My interview with Mazemaster David Anson Russo was conducted at his home on Maui, Hawaii,
in December of 1995. I met with him in his studio and was surprised to find every square inch
of each wall covered with mazes and other creations. The amount of work this prolific artist
has produced is nothing like I have ever seen. Russo has claimed to have created over one
thousand mazes in the last six years.
As I sat amongst books of Maxfield Parish, Escher, Picasso, and every type of reference book known, I can see that Mr. Russo is a stickler for research and detail. His studio is reminiscent of some backroom at an old reference library with stacks of books in use, paper, paints, and five or six projects being created simultaneously. The complexity of his studio's interior is surrounded by the serene backdrop of the mountains, ocean, and swaying palm trees of the Hawaiian Islands.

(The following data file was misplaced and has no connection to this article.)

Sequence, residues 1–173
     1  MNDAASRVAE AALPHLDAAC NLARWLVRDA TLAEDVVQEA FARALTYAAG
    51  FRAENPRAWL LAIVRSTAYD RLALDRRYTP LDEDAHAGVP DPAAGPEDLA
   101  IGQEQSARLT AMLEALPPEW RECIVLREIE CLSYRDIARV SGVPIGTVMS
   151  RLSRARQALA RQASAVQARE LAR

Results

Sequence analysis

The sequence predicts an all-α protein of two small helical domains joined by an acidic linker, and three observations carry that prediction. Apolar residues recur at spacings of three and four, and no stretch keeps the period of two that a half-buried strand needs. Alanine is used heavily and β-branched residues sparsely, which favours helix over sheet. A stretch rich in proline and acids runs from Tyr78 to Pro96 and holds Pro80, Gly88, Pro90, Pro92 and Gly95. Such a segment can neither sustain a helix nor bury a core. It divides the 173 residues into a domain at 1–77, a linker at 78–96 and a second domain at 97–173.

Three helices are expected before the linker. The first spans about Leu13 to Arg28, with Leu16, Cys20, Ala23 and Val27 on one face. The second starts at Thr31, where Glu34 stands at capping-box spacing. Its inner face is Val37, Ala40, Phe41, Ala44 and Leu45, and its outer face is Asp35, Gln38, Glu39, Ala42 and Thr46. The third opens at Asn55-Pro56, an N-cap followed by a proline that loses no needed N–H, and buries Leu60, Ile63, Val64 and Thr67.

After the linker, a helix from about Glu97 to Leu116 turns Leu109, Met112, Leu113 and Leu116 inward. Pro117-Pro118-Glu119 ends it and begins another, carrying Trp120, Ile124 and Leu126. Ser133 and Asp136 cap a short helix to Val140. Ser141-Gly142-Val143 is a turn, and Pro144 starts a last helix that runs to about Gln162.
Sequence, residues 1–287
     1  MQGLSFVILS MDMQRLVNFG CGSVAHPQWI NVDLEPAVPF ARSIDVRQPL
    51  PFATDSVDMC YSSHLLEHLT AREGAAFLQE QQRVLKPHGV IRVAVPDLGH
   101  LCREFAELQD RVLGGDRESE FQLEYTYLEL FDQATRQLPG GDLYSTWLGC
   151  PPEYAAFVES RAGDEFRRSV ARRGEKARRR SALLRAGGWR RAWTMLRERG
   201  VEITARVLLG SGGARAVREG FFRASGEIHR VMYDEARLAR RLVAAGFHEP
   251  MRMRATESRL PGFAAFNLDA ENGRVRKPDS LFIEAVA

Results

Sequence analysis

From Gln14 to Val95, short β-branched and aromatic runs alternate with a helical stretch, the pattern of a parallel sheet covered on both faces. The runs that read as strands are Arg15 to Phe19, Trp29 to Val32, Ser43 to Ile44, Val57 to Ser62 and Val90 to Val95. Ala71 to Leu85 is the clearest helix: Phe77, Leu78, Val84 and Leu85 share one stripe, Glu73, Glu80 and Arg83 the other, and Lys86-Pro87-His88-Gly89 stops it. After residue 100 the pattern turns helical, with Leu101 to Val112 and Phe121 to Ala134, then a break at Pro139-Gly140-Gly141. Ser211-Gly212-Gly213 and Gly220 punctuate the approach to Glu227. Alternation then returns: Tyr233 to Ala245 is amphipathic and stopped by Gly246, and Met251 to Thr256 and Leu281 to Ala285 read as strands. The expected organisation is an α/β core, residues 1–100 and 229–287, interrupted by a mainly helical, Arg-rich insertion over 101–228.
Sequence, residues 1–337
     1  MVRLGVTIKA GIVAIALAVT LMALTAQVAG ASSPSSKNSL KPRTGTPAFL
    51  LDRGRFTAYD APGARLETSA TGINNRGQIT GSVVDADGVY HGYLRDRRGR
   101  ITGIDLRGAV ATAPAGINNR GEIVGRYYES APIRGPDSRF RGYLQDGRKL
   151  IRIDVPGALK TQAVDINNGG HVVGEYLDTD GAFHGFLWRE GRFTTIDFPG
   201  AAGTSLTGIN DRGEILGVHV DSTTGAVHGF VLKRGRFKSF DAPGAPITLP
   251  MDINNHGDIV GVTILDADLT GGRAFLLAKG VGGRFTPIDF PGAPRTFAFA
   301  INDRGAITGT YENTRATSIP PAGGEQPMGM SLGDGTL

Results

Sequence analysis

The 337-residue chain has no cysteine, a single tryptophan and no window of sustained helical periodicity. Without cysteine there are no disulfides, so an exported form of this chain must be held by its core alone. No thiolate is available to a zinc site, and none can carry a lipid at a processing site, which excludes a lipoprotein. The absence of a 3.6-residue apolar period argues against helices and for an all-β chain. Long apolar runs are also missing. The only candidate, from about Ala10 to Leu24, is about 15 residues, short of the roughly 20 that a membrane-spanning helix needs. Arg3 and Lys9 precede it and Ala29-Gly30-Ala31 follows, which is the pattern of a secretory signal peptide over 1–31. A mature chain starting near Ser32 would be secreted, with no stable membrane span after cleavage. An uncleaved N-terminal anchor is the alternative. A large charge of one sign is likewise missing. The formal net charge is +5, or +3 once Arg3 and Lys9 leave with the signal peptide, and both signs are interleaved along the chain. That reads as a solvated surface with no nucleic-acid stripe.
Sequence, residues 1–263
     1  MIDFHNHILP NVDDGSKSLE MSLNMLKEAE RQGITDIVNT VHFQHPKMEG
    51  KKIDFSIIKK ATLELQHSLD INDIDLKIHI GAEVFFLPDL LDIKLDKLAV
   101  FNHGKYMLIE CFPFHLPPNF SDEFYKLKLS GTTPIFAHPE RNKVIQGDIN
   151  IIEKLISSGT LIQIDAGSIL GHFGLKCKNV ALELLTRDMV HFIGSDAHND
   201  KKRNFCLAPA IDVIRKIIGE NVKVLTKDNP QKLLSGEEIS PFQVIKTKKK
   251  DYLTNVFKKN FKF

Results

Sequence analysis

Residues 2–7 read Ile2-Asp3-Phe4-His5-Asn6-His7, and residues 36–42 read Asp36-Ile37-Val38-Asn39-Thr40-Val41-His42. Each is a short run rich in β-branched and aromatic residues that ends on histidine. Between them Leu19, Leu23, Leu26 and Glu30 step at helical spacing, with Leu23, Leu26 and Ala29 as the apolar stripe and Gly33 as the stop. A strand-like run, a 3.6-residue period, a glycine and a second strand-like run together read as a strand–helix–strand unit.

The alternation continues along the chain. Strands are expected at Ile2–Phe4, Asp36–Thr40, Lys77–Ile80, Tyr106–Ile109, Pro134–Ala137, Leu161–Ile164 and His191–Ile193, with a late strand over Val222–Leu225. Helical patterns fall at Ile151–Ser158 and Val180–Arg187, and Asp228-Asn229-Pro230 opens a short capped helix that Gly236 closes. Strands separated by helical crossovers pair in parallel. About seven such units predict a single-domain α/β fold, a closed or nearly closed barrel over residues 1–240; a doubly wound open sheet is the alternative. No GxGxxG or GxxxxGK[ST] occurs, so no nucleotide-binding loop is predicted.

My interview started with Mr. Russo showing me a video of a recent demonstration where he created a wall size maze in under six minutes. It was mesmerizing to say the least.
Q: Do you remember how old you were when you first saw a maze and what your reaction was to seeing it?
A: I don't really remember the first time. I do recall seeing designs from all over the world like decorations on the walls of mosques in the Middle East or the Celtic designs on tombstones and in books about Ireland and Scotland. My reaction was one of inventiveness. My only thoughts were how could I take these designs and create something from them, like a maze.
Q: How old were you when you realized you had this extraordinary ability to create mazes?
A: I was in my early twenties when I created a few mazes. I really enjoyed it. Ability comes from a passion and love for the task at hand.
Q: Has anyone ever taught you how to make a maze?
A: .No, I learned on my own by trial and error.
|[ a b o u t | m a z e s | b o o k s | a r t w o r k | c o m m e n t s ]||copyright � 1996 mazemaster international - all rights reserved|